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Manufactured at the factory of Rheinmetall-Borsig in what was then the DDR (the former communist-controlled East German DeutscheDemikratisheRepublikan) the Gerat-Unispan multi-function lathe had been proceeded by the simple plain-turning Unispan 110. Intended, as a matter of economy, to be driven by an electric drill, it appears to have been introduced during 1954, at an Autumn Fair of machine tools in Leipzig and was described as the "Hobbyist lathe for the people". It was built in a Government-controlled factory - "VEB Zahnschneide-maschinenfabrik 'Modul', Karl-Marx-Stadt" - which translates as: "VEB Gear Cutting Machines Factory 'Module', Karl-Marx-Road" - obviously a place that had the skills necessary to produce accurate machine tools. Following the Unispan came a very much more rather remarkable and complex machine and one closely modelled on the unusual and ingenious West German Hommel UWG1 and UWG2. Referred to in a flyer by the makers as the Gerat "DBF" it was listed by the manufacturer being a "allzweck-kleinwerkzeugmaschine" or "DBF" type - this standing for Drehen, Bohren und Fräse: in English: Turning, Drilling and Milling - in German vernacular this type of lathe is often referred to as an "Eierlegende Wollmilchsäue" or, literally translated, "egg-laying wool-milk-pig".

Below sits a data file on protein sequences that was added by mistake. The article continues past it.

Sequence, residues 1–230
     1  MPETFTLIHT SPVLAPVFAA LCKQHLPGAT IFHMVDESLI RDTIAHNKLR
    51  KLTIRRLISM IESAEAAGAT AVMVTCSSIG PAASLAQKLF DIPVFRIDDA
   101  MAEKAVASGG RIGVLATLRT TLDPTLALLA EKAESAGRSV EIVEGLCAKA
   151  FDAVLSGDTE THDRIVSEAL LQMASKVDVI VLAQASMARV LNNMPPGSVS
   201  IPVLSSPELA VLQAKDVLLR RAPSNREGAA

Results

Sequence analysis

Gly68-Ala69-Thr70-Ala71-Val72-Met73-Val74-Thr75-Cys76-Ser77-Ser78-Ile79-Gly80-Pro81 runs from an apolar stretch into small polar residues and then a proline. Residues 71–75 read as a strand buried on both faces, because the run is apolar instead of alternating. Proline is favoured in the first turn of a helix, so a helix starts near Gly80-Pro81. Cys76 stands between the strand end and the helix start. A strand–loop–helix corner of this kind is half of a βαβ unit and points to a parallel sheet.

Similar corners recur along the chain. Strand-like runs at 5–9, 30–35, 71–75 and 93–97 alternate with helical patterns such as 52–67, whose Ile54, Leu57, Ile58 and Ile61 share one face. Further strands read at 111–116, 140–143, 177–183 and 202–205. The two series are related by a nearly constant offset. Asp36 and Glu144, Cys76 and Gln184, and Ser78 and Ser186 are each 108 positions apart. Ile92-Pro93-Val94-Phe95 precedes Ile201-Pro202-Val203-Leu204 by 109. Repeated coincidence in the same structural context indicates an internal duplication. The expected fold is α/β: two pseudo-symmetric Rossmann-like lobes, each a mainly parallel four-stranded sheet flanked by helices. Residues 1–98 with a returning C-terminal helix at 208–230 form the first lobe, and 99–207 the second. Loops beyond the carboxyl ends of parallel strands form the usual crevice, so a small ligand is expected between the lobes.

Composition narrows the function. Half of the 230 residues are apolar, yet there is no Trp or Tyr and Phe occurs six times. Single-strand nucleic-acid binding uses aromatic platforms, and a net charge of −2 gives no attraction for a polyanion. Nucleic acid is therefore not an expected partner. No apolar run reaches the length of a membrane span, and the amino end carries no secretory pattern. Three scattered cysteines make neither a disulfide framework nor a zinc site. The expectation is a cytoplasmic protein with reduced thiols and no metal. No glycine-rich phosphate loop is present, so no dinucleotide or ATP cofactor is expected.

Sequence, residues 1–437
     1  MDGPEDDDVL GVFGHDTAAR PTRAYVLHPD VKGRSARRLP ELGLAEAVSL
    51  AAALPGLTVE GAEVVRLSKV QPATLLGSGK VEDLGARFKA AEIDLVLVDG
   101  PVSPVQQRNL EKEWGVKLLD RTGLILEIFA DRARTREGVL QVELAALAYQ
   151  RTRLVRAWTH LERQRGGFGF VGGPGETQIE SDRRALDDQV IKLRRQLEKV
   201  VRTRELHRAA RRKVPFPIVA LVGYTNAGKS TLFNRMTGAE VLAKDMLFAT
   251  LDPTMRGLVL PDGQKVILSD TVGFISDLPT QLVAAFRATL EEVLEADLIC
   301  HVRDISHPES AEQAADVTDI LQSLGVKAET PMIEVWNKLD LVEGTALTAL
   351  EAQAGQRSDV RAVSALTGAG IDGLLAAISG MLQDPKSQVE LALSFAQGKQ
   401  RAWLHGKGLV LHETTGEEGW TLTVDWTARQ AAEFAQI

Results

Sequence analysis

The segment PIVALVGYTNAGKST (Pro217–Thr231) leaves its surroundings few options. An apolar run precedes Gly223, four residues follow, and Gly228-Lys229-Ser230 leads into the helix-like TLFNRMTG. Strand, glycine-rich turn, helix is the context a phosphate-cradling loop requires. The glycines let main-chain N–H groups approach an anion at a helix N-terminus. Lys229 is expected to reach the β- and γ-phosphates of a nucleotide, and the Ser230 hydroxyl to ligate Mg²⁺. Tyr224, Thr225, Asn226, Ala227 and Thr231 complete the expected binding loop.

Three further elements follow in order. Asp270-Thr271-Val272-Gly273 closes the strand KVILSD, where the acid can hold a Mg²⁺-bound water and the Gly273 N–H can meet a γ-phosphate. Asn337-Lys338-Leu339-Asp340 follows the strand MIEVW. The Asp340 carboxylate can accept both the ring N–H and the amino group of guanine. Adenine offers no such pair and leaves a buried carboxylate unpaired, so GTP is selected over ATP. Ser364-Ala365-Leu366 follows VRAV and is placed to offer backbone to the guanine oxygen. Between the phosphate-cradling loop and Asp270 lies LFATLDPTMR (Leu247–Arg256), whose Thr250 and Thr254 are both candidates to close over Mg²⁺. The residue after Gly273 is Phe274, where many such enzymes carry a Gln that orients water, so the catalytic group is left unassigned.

The machine was also branded and advertised by the communist export organisation WMW as the WMW-Modul DBF.
Several examples of the lasthe have been found, all looking rather neglected but complete with a number of accessories including items such as a slotting attachment, screwcutting changewheels, a hand T-rest, standard and tilting rotary tables, T-slotted boring table, fixed and travelling steadies, sets of collets, machine vices, chucks and a T-slotted faceplate that doubles a light-duty 4-jaw chuck. Unlike some of the other copies, the Gerat was fitted with conventional screwcutting, a train of changewheels from the headstock spindle passing through a tumble-reverse mechanism to drive a leadscrew mounted centrally beneath the underside of the bed.
Two versions appear to have been manufactured: an early model with typical of its era 'rounded" styling of the castings and a later model, possibly from the early 1960 with more a modern-looking, angular design; both are illustrated below.